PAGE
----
The Kingdom Foreseen by the Prophets
Excerpted from The Coming Kingdom of the Messiah, pp. 19-21
What the prophets saw was a vision of utopian conditions on earth, following the conquest of the world by Yahweh (the Lord God) acting through His chosen agent, the promised King: “The Lord of hosts will reign on Mount Zion and in Jerusalem” (Isa. 24:23). “He [the Messiah] will speak peace to the nations, and his dominion will be from sea to sea, and from the River [Euphrates] to the ends of the earth” (Zech. 9:10).
Obadiah & Jeremiah
Obadiah describes the supremacy of Israel in the coming Messianic rule:
The community of Jacob will regain territory from those who took it from them…They will recover the Negev from Mount Esau and the Shephelah from the Philistines. They will regain the region of Ephraim and Gilead. The exiles of the people of Israel will annex Canaanite territory as far as Zarephath. The exiles who were in Sepharad will reclaim the Negev towns. Then governors will go up to Mount Zion to govern Mount Esau, and the Kingdom will be the Lord’s (Obad. 17-21).15
Evidently the Kingdom of God is to be a new political and territorial order with its headquarters in the promised land of Israel. This is the unanimous view of all the prophets. Jeremiah, too, had recorded the words of the Lord promising national restoration for Israel under the Messiah:
Behold the days are coming, declares the Lord, when I shall raise up for David a righteous branch, and he will reign as king and days Judah will be saved and Israel will dwell securely (Jer. 23:5, 6).
Isaiah and Micah
Isaiah’s and Micah’s vision is no less clearly defined, with the additional guarantee of multilateral disarmament under the government of the Messiah:
A child will be born to us, a son will be given to us; and the government will rest on his [the promised deliverer, the Messiah’s] shoulders…There will be no end to the increase of his government or of peace, on the throne of David and over his Kingdom, to establish it and to uphold it with justice and righteousness from then on and forevermore…The law will go forth from Zion and the word of the Lord from Jerusalem. And he will judge between the nations and will render decisions for many peoples; and they will hammer their swords into plowshares and their spears into pruning hooks. Nation will not lift up sword against nation, and never again will they train for war (Isa. 9:6, 7; 2:3, 4; Micah 4:2, 3).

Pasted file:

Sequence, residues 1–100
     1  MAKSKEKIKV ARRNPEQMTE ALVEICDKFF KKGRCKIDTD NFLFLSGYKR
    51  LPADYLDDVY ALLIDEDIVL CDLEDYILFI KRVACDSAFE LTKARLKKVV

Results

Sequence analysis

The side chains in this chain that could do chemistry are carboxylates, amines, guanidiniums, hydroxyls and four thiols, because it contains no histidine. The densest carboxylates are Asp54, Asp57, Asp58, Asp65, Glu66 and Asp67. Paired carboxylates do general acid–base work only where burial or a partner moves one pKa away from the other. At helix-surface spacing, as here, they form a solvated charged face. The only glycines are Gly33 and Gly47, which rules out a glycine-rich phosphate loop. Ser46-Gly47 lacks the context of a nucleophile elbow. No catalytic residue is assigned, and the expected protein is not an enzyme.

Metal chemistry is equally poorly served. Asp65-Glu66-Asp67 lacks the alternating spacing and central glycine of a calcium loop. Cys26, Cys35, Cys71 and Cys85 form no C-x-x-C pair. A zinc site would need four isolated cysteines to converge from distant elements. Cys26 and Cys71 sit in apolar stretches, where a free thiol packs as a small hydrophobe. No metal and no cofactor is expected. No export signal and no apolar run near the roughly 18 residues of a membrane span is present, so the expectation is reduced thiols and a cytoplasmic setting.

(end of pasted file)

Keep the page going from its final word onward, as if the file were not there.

One of the clearest descriptions of the Kingdom of God appears in Daniel 2:44. Following the destruction of hostile world powers, “the God of heaven will set up a Kingdom [clearly here a world empire] which will never be destroyed, and that Kingdom will not be left for another people; it will crush and put an end to all these kingdoms, but it will itself endure forever.” In Daniel 7 the same promised Kingdom is to be administered by the Son of Man (Jesus’ favorite self-designation) and his followers, God’s chosen people:
And to him [the Son of Man] was given a dominion, glory and a Kingdom, that all the peoples, nations and men of every language might serve him. His dominion is an everlasting dominion, which will not pass away; and his Kingdom is one which will not be destroyed…Then the power and greatness of all the kingdoms under the whole heaven will be given to the people of the supreme God. Their royal power will never end and all rulers on earth will serve and obey them (Dan. 7:14, 27, Good News Bible).
The revolution associated with the Messiah’s installment in his Kingdom is described by Zechariah:
The Lord will go forth and fight against those nations…and in that day the Lord will be king over all the earth…Then it will act wisely and do justice and righteousness in the land. In his come about that any who are left of all the nations that went against Jerusalem will go up from year to year to worship the King, the Lord of hosts (Zech. 14:3, 9, 16).
These and many other passages in the prophets demonstrate beyond dispute that the Kingdom of God will be a new world government on earth, administered by the Messiah, God’s chosen King, assisted by a group of associates called in Daniel “the saints of the Most High” (7:27). The picture of a restored earth is common to all the prophets. It is the basis of the Messianic hope summed up by the term “Kingdom of God.”